At 2,615 feet, Cairnsmore of Carsphairn is the highest of the Carsphairn Hills. The most commonly used route onto this hill is to park in the lay-by across the road from Green Well of Scotland where the Water of Deuch runs under the A713 (OS Ref NX557944), and from there follow the twisting undulating ridge over Willieana (over 1,380 feet) Dunool (1,775 feet) and Black Shoulder (2,257 feet). This leads to the col between Cairnsmore to the northwest and Beninner (2,329 feet) to the southeast along the summit ridge. Both tops are worth visiting for the views they offer. In general walkers tend to go back the way they came but it is possible to return by the Benlock Burn.[4]

From Cairnsmore of Carsphairn across the Glenkens to the Rhinns of Kells and the Awful Hand

Water of Ken routes

Just where the B729 road crosses the Water of Ken (NX633918) a minor road heads north up the valley of the Water of Ken. There are three useful places to park along this road to go into the Carsphairn hills - Moorbrock house, Nether Holm of Dalquhairn and Lorg.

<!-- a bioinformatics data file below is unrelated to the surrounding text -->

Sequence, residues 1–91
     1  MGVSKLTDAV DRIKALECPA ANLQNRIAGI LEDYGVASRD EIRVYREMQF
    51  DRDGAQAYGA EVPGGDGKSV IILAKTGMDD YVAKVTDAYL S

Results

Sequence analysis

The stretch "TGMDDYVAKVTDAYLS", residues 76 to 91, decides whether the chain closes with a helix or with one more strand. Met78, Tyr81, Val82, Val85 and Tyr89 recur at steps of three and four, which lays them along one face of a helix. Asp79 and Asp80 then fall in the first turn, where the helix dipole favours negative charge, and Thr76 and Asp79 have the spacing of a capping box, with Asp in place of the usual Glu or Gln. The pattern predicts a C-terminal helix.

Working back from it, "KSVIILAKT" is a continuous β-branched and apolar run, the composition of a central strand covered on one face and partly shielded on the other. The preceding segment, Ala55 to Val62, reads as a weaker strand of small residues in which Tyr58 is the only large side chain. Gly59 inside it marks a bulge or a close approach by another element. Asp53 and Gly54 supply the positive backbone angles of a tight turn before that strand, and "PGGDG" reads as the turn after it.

• To get to Moorbrock house head north for a mile off the Water of Ken minor road from Craigengillan. Park just south of Moorbrock House (NX629965). From here it is possible to go over Moorbrock Hill (2,133 feet) and then southwest to Cairnsmore of Carsphairn and Beninner in an interesting day's walk, passing a memorial to the crew of a crashed Spitfire (23 May 1942) in the hollow before climbing Cairnsmore (NX603993). Head east from Beninner back to Moorbrock House.